Paul Asadoorian

Paul Asadoorian's picture
As founder and CEO of Security Weekly, Paul remains one of the world’s foremost experts on all things cybersecurity. Security Weekly is a one-stop resource for podcasts, webcasts and other content, informing community members about penetration testing, vulnerability analysis, ethical hacking and embedded device testing. Previously, Paul served as a lead IT security specialist for Brown University, and as an instructor with The SANS Institute. Current position: As the Nessus Product Marketing Manager, Paul helps IT security professionals use the most widely deployed vulnerability scanner in the world.

Hunting For Shellshock Using Nessus

The best way to test for the Shellshock vulnerability is to do a credentialed local check against the Unix/Linux distribution. Nessus contains a number of plugins that make sure the operating system is patched.

On the Security of “Things”

The security ramifications of the "Internet of Things" (IoT) is a hot topic lately. That’s not to say the security community has not been aware of this problem; and dealing with it for some time (or ignoring it as the case may be).

Detecting Hidden Backdoors in Your BIOS With Nessus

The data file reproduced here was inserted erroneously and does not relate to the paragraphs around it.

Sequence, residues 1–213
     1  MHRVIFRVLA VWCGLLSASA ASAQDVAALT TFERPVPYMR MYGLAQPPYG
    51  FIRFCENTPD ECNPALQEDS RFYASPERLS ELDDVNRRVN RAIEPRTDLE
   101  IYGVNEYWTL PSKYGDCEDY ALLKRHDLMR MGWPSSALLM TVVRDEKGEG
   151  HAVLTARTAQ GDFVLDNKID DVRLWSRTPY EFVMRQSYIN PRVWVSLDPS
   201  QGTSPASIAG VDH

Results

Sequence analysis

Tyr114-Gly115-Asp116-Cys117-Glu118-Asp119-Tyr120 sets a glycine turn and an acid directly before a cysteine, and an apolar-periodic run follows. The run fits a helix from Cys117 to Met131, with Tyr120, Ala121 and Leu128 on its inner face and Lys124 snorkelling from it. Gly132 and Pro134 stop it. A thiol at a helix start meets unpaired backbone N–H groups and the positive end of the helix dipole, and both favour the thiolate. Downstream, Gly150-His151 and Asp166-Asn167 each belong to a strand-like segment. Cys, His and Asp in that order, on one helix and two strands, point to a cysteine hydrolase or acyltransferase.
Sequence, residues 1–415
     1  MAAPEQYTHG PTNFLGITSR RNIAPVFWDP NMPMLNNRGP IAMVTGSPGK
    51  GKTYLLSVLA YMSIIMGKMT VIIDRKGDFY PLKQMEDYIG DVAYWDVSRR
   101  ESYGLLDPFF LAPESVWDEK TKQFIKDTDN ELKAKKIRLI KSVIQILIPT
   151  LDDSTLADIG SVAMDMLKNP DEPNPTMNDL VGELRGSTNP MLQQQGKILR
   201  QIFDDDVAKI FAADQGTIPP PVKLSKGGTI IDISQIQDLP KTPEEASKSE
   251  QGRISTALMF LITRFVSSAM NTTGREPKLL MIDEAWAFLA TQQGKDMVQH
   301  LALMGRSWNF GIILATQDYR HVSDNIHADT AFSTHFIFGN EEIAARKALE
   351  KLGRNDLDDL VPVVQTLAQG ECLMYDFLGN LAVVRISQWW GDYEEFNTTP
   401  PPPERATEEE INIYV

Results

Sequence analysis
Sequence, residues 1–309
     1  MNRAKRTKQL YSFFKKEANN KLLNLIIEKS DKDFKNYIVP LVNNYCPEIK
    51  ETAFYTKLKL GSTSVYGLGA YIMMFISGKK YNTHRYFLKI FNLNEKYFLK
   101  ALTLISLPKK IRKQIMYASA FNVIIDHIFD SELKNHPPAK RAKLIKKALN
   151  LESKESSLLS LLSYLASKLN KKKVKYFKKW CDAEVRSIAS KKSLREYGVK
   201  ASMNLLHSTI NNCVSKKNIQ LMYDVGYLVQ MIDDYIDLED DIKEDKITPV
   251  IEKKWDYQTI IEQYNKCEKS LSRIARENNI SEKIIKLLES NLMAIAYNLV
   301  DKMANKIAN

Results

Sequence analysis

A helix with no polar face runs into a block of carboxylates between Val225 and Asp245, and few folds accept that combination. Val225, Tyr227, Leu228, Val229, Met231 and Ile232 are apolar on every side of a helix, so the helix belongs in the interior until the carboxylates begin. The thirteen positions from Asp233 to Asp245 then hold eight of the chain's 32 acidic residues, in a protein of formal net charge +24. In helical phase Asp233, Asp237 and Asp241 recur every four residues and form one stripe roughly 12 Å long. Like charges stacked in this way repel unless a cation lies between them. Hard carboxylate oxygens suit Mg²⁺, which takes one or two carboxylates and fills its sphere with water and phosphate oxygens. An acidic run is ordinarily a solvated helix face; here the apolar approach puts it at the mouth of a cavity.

One of the inherent qualities of malware is the ability to hide from the system and the user. It is in the best interest of the bad guys to not be detected, and various forms of malware implement different methods of hiding. However, one method that is very scary is the ability to hide inside the components of the PC, rather than in the operating system. This is the case with malware targeting the BIOS or the unified extensible firmware interface (UEFI) in more modern computers. The dangers is that software running in this area of the system can gain full control of any functions (such as all connected hardware) and bypass protections put in place by the operating system. It makes detection extremely difficult and will persist across system restores and rebuilds.

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